How To Revive Wilting Pepper Plants (Gardener’s Guide)

One of the most common problems with pepper plants is wilting leaves. Most of the time, a little bit of water will do the trick and help them come back to a healthy state. However, if you’re looking for more methods to save your pepper plant, I have a few go-to tricks.

Here are six tips for reviving your wilting pepper plants:

  1. Check the soil’s moisture.
  2. Provide shade to your plant.
  3. Manage the soil’s pH.
  4. Bring pepper plants indoors during the cold.
  5. Observe and maintain your plant care routine.
  6. Check and, if possible, treat the plant’s diseases.

In this article, I will go over a few common causes of wilting pepper plants. And as you read on, you will learn how to utilize these tips to revive wilting peppers in your garden.

1. Check the Soil’s Moisture

New gardeners might instantly think of watering their pepper plants when they see them wilting. While underwatering is the most common cause of wilting among pepper plants, it is not always the case.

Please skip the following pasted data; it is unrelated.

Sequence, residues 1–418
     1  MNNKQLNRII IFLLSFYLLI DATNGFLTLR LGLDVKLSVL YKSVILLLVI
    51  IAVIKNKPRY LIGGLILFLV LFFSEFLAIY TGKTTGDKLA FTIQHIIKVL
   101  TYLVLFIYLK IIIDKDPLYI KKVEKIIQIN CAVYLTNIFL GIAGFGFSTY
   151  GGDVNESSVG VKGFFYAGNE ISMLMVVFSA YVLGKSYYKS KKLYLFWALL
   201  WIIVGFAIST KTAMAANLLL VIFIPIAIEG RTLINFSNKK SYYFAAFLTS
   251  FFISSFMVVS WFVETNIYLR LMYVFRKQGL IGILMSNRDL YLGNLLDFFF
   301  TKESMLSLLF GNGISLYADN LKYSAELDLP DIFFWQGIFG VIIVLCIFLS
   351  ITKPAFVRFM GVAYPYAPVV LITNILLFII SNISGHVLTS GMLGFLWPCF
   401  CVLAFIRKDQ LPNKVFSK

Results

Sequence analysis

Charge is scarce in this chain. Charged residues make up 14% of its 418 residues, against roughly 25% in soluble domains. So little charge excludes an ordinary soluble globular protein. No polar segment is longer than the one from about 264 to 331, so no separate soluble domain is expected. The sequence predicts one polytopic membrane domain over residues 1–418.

In some cases, your pepper plants may be wilting because of overwatering. That is why it could do more harm than good when you water your plant the instant you see it wilting. 

It’s essential to check the soil moisture before deciding whether your plant needs more water or less of it. It is worth noting that giving your plants the proper amount of moisture isn’t as simple as pouring in the “right” amount every day. 

Sometimes, the soil becomes hydrophobic and doesn’t absorb water as it should. Other times, too much shade makes for plants that don’t dry off well, leaving your plants moldy.

Additionally, getting the correct water temperature is as important as the amount of water. Being sure your plants are drying in between cycles keeps your soil healthy. 

You should consider watering your pepper plant thoroughly once a week and allowing the water to drain through the soil or pot entirely. 

On the hottest of summer days, you may consider using a moisture meter or feeling with your fingers to see if an extra watering session is necessary. You always need to check first because even if we feel hot, our plants may still be working through the water.